July 29, 2008

Romney Defends RomneyCare Crackup; WSJ Strikes Back

Filed under: Economy,Health Care,Taxes & Government — Tom @ 5:31 pm

Note: To get to the four-part “Case Against Mitt Romney” series, go here.


Earlier this month, slipping past my radar, Mitt Romney had an op-ed in the Wall Street Journal (may require subscription) defending his handiwork.

Now that I have read it, it’s clear that he was shamelessly begging for more money from the feds so that Massachusetts’s CommonwealthCare aka RomneyCare wouldn’t sink of its own weight:

The Bush administration will decide in the coming days whether to continue to facilitate this experiment by accepting the state’s financial contribution as qualifying for federal matching funds as in the past. If the federal government refuses or reduces federal participation, the state could be forced to curtail the program.

Well, since the Bay State is spending more (and, I suspect a lot more per capita than other states), what Romney is really saying that the rest of us need to pay more too.

Thanks, Mitt (/sarc). I don’t know whether the Bush admin has made its decision.

Today, the Wall Street Journal called BS on this:

Romney, who should know better, took to these pages recently to proclaim, “Health-care reform is working in Massachusetts.” Shortly after Mr. Romney’s self-tribute, Governor Deval Patrick wheeled out a new $129 million tax plan to make up for this year’s health spending shortfalls. Yet partisans are cheering the cost overruns as a sign of success.

….. The ominous news is that only about 18,000 people — or 5% of the newly insured — have taken advantage of the “connector,” which was supposed to be the plan’s free-market innovation linking individuals to private insurers.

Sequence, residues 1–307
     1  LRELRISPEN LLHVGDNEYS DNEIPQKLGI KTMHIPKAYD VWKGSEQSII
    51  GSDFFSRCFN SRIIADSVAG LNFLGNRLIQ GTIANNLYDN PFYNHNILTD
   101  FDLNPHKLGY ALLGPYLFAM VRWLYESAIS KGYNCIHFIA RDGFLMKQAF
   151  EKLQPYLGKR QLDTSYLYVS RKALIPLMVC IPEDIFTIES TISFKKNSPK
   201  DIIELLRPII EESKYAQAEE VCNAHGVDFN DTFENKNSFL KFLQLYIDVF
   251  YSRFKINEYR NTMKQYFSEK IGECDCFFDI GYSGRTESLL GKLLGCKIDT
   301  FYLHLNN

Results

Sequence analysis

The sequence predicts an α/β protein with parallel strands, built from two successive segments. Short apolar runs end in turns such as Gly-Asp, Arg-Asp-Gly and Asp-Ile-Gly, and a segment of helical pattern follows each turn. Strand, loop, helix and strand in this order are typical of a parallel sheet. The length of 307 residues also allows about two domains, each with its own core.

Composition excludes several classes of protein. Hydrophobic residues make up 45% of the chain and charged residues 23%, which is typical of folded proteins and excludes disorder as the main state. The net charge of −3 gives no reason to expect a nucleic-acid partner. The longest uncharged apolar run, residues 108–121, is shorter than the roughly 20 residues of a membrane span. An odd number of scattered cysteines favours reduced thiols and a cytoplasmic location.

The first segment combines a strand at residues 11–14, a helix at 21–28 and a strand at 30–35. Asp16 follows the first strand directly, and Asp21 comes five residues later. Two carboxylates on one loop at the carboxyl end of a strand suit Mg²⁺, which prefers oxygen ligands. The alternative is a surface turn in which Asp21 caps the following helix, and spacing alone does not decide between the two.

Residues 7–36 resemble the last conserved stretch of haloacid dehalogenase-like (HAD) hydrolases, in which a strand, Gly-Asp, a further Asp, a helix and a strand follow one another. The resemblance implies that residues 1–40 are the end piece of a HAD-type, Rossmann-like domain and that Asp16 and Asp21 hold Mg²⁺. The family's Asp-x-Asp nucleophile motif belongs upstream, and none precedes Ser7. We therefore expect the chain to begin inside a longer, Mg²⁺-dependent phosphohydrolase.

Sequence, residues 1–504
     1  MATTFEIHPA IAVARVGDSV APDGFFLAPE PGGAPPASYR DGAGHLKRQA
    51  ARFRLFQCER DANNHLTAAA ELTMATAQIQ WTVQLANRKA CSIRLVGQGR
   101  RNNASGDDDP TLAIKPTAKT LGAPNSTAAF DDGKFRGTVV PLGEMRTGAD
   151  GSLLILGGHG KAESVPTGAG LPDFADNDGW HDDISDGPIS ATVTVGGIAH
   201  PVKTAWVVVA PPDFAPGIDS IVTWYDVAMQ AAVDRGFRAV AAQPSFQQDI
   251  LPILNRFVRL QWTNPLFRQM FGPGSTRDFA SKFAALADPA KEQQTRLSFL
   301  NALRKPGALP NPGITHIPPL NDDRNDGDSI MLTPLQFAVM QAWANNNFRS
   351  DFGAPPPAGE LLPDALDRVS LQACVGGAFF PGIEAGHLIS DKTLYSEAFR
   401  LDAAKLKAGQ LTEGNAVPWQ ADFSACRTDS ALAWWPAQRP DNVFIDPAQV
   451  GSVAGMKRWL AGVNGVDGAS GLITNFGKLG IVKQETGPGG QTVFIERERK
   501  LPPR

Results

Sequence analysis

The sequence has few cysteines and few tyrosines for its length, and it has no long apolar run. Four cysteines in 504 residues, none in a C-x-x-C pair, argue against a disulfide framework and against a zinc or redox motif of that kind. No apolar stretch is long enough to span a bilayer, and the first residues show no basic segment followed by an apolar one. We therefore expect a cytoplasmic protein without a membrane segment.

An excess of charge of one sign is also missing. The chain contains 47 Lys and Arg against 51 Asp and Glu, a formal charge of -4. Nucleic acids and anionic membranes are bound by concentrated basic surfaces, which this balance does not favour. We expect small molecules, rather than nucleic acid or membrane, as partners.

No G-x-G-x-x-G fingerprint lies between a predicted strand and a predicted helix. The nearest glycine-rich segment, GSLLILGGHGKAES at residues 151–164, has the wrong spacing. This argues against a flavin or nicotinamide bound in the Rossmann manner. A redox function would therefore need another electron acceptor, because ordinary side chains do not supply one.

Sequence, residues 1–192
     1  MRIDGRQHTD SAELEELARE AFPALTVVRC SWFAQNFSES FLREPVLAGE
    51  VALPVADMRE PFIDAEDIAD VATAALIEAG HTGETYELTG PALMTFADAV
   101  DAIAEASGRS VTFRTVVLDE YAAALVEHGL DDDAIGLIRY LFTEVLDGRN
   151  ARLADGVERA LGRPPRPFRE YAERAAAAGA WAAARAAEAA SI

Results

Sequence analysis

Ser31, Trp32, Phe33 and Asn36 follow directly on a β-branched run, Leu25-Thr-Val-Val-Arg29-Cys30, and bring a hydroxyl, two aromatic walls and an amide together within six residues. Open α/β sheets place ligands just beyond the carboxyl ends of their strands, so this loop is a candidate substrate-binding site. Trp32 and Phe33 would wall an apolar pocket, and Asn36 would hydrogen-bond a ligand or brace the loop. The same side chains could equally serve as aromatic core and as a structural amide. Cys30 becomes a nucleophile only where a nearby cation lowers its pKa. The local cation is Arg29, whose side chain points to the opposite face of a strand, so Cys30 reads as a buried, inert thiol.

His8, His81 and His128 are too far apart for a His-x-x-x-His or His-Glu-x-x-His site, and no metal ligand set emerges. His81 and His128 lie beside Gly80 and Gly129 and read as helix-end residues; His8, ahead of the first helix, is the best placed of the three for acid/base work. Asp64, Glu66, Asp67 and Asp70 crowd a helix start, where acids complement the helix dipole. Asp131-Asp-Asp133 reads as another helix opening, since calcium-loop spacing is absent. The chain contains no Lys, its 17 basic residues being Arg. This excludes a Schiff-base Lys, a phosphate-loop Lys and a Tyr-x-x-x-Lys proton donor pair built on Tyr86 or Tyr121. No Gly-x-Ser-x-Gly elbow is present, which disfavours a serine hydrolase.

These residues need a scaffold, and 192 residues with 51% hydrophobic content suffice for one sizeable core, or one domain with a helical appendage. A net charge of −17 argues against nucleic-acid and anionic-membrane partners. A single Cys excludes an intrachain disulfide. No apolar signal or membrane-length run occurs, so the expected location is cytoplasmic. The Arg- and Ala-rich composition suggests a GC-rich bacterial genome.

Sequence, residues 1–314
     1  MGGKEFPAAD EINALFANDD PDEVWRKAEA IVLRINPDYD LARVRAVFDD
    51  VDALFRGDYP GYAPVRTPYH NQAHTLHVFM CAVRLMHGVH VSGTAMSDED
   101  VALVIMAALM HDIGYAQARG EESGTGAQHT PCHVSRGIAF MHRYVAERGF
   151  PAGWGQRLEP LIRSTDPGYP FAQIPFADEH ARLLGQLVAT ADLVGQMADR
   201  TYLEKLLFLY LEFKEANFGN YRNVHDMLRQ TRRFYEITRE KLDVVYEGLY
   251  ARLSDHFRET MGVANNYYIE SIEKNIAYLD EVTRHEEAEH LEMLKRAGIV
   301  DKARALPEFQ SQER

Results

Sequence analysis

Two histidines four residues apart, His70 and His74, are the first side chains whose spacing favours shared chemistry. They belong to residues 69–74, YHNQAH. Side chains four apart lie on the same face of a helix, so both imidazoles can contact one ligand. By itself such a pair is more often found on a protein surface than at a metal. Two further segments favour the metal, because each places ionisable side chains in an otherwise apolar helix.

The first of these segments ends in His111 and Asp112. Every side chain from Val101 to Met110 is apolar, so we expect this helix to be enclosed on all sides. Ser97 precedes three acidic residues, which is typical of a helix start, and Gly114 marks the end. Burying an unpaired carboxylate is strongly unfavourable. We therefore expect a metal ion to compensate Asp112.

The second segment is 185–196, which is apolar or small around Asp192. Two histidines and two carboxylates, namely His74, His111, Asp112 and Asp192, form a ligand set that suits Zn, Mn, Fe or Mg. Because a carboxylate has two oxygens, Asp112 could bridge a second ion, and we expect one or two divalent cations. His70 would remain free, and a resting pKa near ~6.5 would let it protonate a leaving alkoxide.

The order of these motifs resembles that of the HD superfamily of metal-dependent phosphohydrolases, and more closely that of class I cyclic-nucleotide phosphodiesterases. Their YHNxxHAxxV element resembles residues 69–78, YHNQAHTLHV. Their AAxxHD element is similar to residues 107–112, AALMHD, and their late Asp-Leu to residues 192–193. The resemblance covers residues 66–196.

Most of this growth in coverage has instead come via a new state entitlement called Commonwealth Care. This provides subsidized insurance to those under 300% of the poverty level, or about $63,000 for a family of four. About 174,000 have joined this low- or no-cost program, a trend that is likely to speed up.

As this public option gets overwhelmed, budget gaskets are blowing everywhere. Mr. Patrick had already bumped up this year’s spending to $869 million, $144 million over its original estimate. Liberals duly noted that these tax hikes are necessary because enrollment in Commonwealth Care is much higher than anticipated. But of course more people will have coverage if government gives it to them for free. The problem is that someone has to pay for it.

Thus the extra tab of $129 million, which may need to go higher because it relies on uncertain federal funds from Medicaid. For now, Mr. Patrick wants one-time (yeah, right) charges of $33 million on insurers and $28 million on providers, plus some shuffling of state funds. The balance comes from an estimated $33 million boost in the state’s “pay or play” tax: If businesses don’t offer “fair and reasonable” insurance to their employees, they get hit.

This is a textbook example of how business taxes evolve into “pay or pay,” the first recourse of state-funded health systems.

The fact that so many talkers and pundits continue to characterize Romney as an economic conservative is an insult to free-market believers’ intelligence.

I’m also seeing two other important things at work here: